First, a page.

Fundamentally, the Supreme Court declined to engraft permission to recover punitive damages in the GWDS because the legislature repeatedly failed to amend the statute in the wake of prior cases barring punitive damages in wrongful death actions. Id. at 763. Addressing the persuasive authority allowing punitive damages in wrongful death, the Court noted that, although the number of states permitting punitive damages had grown in the years before this decision, that growth was strongly correlated with statutory provision for punitive damages in other states. Id. at 762. The Court noted that most states prohibit punitive damages in wrongful death actions if their respective wrongful death statutes are silent on the matter. Id. Finally, the Court disposed of the estate’s public policy argument that it should not be cheaper to kill than to maim by noting, first, it is not inexpensive to do either and, second, defendants probably find it difficult to gauge the extent of the injuries their negligent acts might inflict. Id.
Thus, the Court declared, for statutory, historical, and policy reasons, that punitive damages are not recoverable under the GWDS. Id.; See also Forte v. Connerwood, 745 N.E.2d 796, 800 (Punitive damages are not recoverable under the CWDS).
Treble Damages Punitive in Nature and Not Recoverable in Wrongful Death Action
Estate of Kuba by Kuba v. Ristow Trucking Co., 508 N.E.2d 1 (Ind. 1987), was certified to the Supreme Court by 7th Circuit Court of Appeals. Kuba and an employee of Ristow Trucking were both killed in a head on collision between their trucks. Id. Kuba’s estate sought treble damages in conjunction with its wrongful death claim, because the Ristow Trucking’s driver was drunk at the time of the collision. Id.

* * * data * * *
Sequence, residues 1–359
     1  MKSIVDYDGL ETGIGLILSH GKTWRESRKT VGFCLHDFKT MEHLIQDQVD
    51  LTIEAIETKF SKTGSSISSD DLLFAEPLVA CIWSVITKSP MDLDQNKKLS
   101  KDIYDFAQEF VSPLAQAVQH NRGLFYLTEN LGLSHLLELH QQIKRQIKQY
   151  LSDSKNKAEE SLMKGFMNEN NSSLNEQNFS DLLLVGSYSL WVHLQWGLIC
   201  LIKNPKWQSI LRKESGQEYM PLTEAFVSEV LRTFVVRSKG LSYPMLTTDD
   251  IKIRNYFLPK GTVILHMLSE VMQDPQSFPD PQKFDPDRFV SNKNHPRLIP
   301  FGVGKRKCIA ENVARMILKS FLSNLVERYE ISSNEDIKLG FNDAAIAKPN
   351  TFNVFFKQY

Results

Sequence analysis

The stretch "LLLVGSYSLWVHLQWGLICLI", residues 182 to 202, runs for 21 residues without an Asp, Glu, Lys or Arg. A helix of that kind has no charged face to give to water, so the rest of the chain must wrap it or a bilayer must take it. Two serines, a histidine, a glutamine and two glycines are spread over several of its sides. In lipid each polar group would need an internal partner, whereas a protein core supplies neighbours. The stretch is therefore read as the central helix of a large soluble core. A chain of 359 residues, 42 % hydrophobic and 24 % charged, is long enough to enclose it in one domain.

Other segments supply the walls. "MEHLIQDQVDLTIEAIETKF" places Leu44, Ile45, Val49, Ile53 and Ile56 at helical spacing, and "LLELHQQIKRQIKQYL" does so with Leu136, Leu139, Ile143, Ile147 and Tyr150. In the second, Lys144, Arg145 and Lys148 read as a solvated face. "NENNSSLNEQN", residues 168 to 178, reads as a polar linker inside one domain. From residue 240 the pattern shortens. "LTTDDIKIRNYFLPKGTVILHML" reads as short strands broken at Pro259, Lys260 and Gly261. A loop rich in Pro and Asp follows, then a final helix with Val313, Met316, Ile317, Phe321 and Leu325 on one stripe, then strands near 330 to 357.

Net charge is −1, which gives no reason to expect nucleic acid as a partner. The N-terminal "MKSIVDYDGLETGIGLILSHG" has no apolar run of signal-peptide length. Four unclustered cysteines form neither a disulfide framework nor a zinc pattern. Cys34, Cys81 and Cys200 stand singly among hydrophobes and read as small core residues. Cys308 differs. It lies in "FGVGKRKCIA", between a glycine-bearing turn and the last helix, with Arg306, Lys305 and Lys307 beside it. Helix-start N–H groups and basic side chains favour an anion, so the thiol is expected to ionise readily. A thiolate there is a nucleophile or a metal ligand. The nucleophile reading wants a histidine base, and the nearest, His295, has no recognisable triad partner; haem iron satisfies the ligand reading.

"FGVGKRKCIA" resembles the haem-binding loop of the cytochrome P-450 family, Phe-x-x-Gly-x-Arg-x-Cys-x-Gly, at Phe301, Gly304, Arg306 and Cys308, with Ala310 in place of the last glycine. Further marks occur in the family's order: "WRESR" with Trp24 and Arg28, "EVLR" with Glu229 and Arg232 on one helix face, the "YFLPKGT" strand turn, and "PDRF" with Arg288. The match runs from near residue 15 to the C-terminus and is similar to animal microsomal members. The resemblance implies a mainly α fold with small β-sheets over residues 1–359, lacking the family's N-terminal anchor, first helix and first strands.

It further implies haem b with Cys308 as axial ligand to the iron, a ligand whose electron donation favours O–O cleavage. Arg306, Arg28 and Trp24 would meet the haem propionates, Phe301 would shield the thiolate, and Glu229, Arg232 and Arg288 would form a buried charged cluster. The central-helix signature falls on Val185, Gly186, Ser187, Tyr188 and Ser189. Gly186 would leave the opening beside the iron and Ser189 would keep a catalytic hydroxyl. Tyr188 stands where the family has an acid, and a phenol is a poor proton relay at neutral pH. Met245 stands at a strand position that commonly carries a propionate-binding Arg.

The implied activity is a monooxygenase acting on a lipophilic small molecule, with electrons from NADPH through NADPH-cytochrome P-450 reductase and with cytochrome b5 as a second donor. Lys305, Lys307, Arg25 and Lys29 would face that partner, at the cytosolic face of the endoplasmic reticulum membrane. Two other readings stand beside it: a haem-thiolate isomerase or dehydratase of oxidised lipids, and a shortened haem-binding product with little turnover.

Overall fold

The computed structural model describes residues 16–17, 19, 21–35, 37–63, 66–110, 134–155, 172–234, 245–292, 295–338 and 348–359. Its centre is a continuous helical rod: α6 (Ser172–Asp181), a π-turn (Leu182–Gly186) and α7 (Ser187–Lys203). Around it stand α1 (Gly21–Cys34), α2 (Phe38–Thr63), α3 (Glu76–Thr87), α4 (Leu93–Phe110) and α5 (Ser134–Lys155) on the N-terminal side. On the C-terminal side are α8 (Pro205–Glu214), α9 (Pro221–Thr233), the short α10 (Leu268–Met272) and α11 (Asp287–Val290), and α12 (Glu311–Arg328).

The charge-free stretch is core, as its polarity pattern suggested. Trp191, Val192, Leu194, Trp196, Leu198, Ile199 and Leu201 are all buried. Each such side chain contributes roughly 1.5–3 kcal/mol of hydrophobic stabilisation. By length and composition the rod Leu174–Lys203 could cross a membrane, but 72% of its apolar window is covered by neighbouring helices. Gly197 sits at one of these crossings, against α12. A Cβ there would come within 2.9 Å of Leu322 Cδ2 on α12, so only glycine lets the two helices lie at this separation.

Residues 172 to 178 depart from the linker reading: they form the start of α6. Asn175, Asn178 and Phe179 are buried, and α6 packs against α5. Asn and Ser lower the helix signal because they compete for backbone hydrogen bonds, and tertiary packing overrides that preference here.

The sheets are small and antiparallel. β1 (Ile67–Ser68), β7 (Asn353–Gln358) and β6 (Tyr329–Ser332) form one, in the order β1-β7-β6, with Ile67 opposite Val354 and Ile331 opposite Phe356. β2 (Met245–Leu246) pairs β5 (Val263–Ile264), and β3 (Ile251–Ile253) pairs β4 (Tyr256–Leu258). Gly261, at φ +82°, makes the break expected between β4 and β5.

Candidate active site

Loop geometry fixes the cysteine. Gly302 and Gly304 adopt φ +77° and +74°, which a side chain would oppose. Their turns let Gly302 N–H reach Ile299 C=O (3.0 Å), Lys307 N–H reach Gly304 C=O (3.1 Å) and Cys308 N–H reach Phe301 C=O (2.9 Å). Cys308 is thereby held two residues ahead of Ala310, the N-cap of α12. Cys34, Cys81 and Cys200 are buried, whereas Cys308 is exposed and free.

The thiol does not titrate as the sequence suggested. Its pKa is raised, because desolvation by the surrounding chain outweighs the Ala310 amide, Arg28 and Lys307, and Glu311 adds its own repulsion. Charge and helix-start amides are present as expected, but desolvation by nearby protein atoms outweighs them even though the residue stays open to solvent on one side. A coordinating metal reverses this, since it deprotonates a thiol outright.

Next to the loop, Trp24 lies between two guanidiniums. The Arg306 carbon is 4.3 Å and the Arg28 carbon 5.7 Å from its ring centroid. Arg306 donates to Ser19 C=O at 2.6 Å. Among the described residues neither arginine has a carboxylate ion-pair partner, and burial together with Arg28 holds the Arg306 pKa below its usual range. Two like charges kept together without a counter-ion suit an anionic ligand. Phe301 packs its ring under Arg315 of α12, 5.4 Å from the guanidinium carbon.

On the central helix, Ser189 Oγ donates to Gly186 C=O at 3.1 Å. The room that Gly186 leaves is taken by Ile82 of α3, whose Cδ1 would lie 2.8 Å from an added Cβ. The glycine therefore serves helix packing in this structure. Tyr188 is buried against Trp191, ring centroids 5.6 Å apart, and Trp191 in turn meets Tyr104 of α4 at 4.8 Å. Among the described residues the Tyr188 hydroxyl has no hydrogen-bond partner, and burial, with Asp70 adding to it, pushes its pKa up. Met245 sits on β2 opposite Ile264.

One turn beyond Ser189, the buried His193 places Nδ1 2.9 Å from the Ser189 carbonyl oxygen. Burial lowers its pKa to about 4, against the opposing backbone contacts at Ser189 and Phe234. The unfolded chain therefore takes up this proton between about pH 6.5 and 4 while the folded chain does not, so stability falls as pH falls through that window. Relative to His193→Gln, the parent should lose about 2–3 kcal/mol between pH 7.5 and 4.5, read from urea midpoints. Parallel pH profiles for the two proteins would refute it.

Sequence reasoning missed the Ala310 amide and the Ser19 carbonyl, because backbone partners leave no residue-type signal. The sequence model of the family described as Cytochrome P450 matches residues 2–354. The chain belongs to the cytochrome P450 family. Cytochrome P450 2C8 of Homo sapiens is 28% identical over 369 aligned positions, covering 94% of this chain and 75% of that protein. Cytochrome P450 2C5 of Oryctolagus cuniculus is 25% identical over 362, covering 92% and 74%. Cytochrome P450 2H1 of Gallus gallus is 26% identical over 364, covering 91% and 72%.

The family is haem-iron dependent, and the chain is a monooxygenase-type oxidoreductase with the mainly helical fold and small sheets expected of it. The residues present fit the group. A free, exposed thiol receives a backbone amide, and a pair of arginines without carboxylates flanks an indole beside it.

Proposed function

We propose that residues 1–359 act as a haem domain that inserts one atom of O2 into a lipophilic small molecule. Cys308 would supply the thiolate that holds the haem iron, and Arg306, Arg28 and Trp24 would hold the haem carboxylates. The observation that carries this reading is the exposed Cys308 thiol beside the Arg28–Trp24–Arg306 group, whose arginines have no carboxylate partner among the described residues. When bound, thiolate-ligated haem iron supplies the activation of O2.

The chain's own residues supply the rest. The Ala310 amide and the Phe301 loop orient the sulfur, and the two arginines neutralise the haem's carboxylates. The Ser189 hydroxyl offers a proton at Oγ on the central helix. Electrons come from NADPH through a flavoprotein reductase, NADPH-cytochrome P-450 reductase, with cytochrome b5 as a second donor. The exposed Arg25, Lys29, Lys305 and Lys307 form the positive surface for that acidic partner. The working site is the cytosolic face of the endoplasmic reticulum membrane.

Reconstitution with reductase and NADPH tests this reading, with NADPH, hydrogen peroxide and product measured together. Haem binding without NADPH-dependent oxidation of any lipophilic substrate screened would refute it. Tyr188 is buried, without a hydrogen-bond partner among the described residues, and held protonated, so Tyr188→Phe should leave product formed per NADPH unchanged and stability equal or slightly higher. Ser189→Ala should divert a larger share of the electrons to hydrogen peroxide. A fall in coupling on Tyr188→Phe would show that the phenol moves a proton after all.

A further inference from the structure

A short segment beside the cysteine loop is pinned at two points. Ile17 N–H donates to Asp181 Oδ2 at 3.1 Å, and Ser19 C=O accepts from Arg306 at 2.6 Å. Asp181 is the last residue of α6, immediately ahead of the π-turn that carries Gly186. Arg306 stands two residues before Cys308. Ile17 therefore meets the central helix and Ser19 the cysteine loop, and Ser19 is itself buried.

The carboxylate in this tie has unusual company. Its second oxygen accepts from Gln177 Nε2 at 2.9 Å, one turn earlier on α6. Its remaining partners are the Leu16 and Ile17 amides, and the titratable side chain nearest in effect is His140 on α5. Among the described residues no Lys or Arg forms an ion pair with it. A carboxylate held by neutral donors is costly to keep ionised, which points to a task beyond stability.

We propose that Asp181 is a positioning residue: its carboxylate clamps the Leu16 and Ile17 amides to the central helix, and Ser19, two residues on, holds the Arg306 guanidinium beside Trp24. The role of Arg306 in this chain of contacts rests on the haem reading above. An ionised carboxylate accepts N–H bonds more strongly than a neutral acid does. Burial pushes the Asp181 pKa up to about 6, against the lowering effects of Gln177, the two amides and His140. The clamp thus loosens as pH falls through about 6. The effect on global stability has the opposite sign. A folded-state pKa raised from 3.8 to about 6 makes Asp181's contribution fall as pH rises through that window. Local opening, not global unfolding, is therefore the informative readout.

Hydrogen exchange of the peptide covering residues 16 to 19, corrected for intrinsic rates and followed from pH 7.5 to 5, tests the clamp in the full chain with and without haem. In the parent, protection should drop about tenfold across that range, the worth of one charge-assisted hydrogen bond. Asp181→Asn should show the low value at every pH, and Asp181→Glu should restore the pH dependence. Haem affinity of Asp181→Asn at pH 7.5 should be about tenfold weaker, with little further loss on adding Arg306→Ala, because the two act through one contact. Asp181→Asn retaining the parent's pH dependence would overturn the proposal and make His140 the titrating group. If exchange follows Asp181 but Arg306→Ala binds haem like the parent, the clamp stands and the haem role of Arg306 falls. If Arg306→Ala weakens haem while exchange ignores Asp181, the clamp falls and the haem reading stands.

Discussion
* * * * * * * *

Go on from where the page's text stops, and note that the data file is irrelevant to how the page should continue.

The Supreme Court observed the nature of remedies provided by the wrongful death statutes—reasonable medical, hospital, burial, and funeral expenses and lost earnings—are all expenses that reflect a deprivation and are compensable in nature. Id. at 2. In contrast, the Court observed that treble damages are punitive in nature. Id. Therefore, the Court determined that, as such, treble damages are not recoverable in wrongful death. Id. at 3.
Consortium and Wrongful Death
The Supreme Court next took up Wade’s loss of consortium claim, Durham ex rel. Estate of Wade. The court held that Wade could not maintain an independent loss of consortium claim, from which he would pursue punitive damages, because loss of consortium is a claim derivative of a personal injury claim. Id. at 764. Therefore, the loss of consortium claim must attach to the wrongful death action, and as a result, punitive damages were unrecoverable. Id. at 765.
To calculate damages for a loss of consortium claim the Court ruled as a matter of first impression that the damages should run from the time of the accident to the end of the shorter of the two spouses’ life expectancy. Id. at 765. This represents a partial overruling of Burk v. Anderson, 109 N.E.2d 407 (Ind. 1952), which held that loss of consortium damages were limited by the actual lifespan of the injured spouse after the accident, effectively curtailing recovery to zero.
Attorney Fees are Recoverable in Wrongful Death Actions
On some issues, the courts have expanded potential recoveries in unexpected ways. Note that the GWDS and CWDS both expressly permit the recovery of attorney fees, but the ADWS does not. Recently, Indiana’s Courts of Appeals split on the issue of whether attorney fees are recoverable under the AWDS. However, the Supreme Court resolved the question in McCabe v. Commissioner of the Ind. Dept. of Ins., 949 N.E.2d 816 (Ind. 2011), finding attorney fees recoverable under the AWDS. In McCabe, a son sued his deceased mother’s medical provider for malpractice and settled in an amount which permitted him to petition the Indiana Patients’ Compensation Fund for additional compensation. Id. at 817. He sought to recover for the loss of love and companionship, for medical expenses, burial expenses, plus costs, expenses, and attorney fees. Id. at 817-818. The Fund argued that attorney fees are not permitted under the AWDS, and the trial and appellate courts agreed, noting that the AWDS and GWDS are mutually exclusive remedies and that, of the two, only the GWDS specifically permits attorney fees. Id. at 818. Thus, the lower courts concluded that, because McCabe brought his suit under the AWDS, attorney fees were not permitted. Id.